Bucket List versus Joy and Meaning List
This week I wanted to start with a wonderful quote by Brené Brown from her book, The Gifts of Imperfection.
“When we compared our dream list to our “joy and meaning” list, we realized that by merely letting go of the list of things we want to accomplish and acquire, we would be actually living our dream – not striving to make it happen in the future, but living it right now.”
~ Brené Brown p 102 The Gifts of Imperfection.
Most people nowadays are familiar with the idea of having a bucket list. It’s a widely touted way of making sure that we live life to the fullest. The idea was popularized in 2011 when a blockbuster movie came out called The Bucket List. In it Jack Nicholson and Morgan Freeman star as two men, both terminally ill, who set out to check off as many points on their bucket list as possible before they die.
While many people have been inspired by this concept, many no doubt have also been discouraged and/or depressed. What if your bucket list contains many things that currently seem unattainable? Striving to be able to skydive in South America off of Angel Falls for example may prompt us to reach for new heights in our work in order to afford it, or to overcome our terror of heights. But there is a delicate balancing act between something inspiring us and overwhelming us. Also a bucket list can encourage us to focus on the future constantly, and rob us of joy in the present.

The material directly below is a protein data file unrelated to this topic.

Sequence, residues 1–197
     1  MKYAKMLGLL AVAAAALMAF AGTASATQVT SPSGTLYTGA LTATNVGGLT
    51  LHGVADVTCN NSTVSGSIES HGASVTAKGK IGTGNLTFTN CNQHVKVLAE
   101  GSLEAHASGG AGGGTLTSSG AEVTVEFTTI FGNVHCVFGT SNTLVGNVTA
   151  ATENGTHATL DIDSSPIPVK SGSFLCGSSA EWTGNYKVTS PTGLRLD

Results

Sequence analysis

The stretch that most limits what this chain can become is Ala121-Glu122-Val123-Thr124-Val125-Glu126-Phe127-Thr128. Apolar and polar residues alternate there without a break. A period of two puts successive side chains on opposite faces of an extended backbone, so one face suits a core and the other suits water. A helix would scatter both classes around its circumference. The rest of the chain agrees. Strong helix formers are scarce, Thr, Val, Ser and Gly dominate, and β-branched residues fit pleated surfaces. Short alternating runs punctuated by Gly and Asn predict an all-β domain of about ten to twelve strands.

Parents are at the busiest time of their lives, with already an insane amount of demands on us. So a bucket list full of items that are attainable post- or pre-kids, can be very disheartening when you are in the thick of parenting and can barely find time to read a magazine or to shower some days. That’s why I LOVE how Brené turns the concept of a bucket list on its head.
Brené shares how her family went on the journey to simplifying their life, and finding more happiness. A key part of this shift was creating a Joy and Meaning list, and tossing, or at least putting aside for now, her bucket list.
Like many of us, her bucket list included a bigger house, and vacations, etc that all encouraged her and her husband to work more, to be more driven and type A. Yet she could see her family quickly growing up, and didn’t like this tension. Fortunately for all of us, she found the brilliant solution of asking herself, what brings me joy and meaning right now? Then she found ways to increase those things in the here and now. Incidentally, for Brene, this allowed her to work less and have more things like family time in her life.
I encourage you to take a few minutes to start your Joy and Meaning list. Then you can see if your family wants to do the exercise with you. It is a very bonding experience to do this with your loved ones as well.
Some questions to ask yourself:
Is this making me feel less than others, or less than I “should” be?
Does it encourage a feeling of scarcity or abundance?
What can I do right now that would add joy and meaning in my life?
Is there some way I can give back to others right now? (this often adds deep joy and meaning to people’s lives. We are hardwired to be in community and to give.)
Those are just a few ideas to get you started.
I’d love to hear some of your thoughts on what brings you more joy and meaning! Do you think you could benefit from focusing more on the present and what you do have? It is human nature to scan for what is missing in our lives, and with training, we can find way more joy and meaning, right here, right now.